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1 of 1 people found the following review helpful By H. Candelaria on March 13, 2011
Format: Paperback
My interest in this play stems from ongoing reading about women in the Congo as well as this author's (Lynn Nottage) trip to Uganda. Her interviews with Ugandan war victims not only informed the play, but tightens the distance between news reports and actual testimonials about what happens to women there.

Ruined means that a woman is so brutally raped that she cannot even turn to prostitution to support herself (which could be a 'logical' choice following the rejection by her community and family for 'letting it happen.'). The play occurs in Congolese war-territory where rape is the weapon of choice, intended not only to humiliate the victim/family/village but also to render the womb useless.

In the opening scenes, we are introduced to two teenage girls who have been brutalized, and are now brought into Mama Nadi's brothel as potential products; the charming 'pimp' has to negotiate especially hard to convince Mama Nadi to take on the ruined girl: not only is the girl ruined, but her odor implies she's suffering from untreated fistula (as would be the case with penetration by a bayonet or other rigid/sharp object).

Despite the extreme violence that permeates the territory, it's startling to see how casually the events are played out... not only the violence that precipitated the introduction of the girls, but also the lack of morality or compassion with regard to taking these girls into the brothel. In fact, it's difficult to figure out if Mama Nadi exploits her girls or actually offers them protection. The end of the play presents a far different picture of Mama Nadi than what we see in the beginning.

There's a constant sense of the violence that surrounds the bar; how small this place is against the vastness of the land and atrocities outside.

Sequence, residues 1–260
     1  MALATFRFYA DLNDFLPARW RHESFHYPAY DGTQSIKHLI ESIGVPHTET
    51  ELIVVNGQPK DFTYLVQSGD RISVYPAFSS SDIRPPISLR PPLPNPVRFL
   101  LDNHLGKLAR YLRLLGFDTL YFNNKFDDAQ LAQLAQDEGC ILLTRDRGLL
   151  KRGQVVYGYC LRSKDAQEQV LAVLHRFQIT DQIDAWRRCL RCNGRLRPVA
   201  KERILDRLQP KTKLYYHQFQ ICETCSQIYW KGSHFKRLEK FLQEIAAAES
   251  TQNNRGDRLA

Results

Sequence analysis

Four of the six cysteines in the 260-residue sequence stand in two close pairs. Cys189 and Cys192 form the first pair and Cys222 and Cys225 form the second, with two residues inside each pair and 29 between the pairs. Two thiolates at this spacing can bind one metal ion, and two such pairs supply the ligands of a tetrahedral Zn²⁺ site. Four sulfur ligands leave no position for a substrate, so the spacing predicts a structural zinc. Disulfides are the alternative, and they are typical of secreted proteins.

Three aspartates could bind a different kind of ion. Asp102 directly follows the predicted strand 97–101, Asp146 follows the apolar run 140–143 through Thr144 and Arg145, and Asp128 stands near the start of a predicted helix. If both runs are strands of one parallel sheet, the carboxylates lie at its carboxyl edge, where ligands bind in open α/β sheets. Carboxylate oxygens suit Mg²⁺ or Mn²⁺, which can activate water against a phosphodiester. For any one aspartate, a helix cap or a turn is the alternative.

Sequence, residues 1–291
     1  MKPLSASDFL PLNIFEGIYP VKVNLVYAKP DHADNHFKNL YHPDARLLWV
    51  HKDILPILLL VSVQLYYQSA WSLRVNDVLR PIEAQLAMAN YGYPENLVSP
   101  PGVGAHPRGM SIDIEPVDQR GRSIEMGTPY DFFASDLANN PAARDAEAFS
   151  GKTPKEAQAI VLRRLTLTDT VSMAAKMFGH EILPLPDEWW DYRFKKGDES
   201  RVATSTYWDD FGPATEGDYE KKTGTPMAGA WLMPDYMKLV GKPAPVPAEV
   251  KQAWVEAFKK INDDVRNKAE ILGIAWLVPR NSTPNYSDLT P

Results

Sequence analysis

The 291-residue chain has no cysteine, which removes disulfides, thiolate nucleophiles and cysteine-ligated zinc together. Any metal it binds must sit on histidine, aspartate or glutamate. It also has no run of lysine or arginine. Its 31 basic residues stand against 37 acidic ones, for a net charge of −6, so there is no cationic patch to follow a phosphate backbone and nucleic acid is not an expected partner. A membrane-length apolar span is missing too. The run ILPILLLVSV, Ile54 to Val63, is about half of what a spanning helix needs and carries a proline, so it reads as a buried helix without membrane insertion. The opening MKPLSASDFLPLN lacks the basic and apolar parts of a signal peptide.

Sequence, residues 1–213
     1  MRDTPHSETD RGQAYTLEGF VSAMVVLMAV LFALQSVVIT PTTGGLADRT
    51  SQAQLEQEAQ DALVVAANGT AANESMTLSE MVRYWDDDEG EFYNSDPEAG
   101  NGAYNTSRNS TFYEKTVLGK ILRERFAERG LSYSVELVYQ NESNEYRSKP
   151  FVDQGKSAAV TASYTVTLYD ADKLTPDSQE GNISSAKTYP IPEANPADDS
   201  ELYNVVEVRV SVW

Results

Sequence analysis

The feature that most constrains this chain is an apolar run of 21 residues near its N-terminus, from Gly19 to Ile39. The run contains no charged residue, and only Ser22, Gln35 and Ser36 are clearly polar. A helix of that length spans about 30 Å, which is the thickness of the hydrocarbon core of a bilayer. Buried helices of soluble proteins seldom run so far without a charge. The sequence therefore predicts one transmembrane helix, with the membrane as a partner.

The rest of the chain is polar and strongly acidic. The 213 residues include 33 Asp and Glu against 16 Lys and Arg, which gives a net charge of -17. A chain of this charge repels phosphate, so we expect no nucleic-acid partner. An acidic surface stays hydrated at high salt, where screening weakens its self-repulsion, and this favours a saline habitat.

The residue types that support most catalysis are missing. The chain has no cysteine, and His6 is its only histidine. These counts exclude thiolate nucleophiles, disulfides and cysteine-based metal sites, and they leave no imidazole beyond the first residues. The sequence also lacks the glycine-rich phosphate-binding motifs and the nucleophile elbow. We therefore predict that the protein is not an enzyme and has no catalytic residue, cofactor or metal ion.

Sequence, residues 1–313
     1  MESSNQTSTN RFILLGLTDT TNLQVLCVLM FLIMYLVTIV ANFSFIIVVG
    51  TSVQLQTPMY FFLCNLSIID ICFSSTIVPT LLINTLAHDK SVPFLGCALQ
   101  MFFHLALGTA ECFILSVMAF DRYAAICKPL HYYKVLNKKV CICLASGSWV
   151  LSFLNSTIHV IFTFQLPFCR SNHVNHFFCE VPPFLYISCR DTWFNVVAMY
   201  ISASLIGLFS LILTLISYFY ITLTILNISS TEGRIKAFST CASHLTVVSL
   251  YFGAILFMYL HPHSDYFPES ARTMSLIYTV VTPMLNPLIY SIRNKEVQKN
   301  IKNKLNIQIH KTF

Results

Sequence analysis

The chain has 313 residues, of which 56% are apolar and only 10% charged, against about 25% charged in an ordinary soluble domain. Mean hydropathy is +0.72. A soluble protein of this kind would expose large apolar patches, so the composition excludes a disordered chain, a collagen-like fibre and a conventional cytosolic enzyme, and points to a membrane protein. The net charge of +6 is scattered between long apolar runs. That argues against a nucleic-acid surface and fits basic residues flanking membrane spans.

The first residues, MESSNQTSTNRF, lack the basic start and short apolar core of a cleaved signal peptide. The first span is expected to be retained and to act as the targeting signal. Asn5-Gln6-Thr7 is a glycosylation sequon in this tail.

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1 of 1 people found the following review helpful By Kat on March 11, 2014
Format: Kindle Edition Verified Purchase
I had to read this book for a college theater class and fell in love with it. I had a hard time putting it down because it really does raise awareness of civil war in other countries, especially the Congo. This play reads incredibly easily, almost like a novel. It's hard putting each character to a face at first but as you continue reading the personalities blossom and it's easy to establish who is who. The worst part is though, that it's hard to see which side of the revolution is right because the egregious things BOTH of them do. This play captivates the audience on the poor women caught in the middle.
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1 of 1 people found the following review helpful By T. Thomas on March 2, 2013
Format: Kindle Edition Verified Purchase
Such a strong story and so beautifully written. The final scenes still resonate with me. Why do wars always begin and end with the women? as if those who possess the women are those who possess the power.
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1 of 1 people found the following review helpful By Ray Shane on December 16, 2012
Format: Paperback Verified Purchase
I read the play. Now I wish I could see it live. Several plays I've read are just chatter. Not this one. The playwright had something to say, and she said it well.